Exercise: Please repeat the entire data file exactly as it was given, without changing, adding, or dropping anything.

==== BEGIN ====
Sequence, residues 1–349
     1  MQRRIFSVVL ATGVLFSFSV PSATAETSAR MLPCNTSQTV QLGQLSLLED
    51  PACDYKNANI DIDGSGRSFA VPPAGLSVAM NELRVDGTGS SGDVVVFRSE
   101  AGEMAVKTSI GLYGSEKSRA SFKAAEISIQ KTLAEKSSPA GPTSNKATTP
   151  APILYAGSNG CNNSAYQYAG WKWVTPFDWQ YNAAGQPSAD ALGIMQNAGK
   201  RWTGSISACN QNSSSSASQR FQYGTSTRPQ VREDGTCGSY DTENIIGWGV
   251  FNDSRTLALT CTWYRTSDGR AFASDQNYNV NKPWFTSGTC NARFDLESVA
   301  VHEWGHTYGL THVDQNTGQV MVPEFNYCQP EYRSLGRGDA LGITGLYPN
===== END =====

Sequence, residues 1–349
     1  MQRRIFSVVL ATGVLFSFSV PSATAETSAR MLPCNTSQTV QLGQLSLLED
    51  PACDYKNANI DIDGSGRSFA VPPAGLSVAM NELRVDGTGS SGDVVVFRSE
   101  AGEMAVKTSI GLYGSEKSRA SFKAAEISIQ KTLAEKSSPA GPTSNKATTP
   151  APILYAGSNG CNNSAYQYAG WKWVTPFDWQ YNAAGQPSAD ALGIMQNAGK
   201  RWTGSISACN QNSSSSASQR FQYGTSTRPQ VREDGTCGSY DTENIIGWGV
   251  FNDSRTLALT CTWYRTSDGR AFASDQNYNV NKPWFTSGTC NARFDLESVA
   301  VHEWGHTYGL THVDQNTGQV MVPEFNYCQP EYRSLGRGDA LGITGLYPN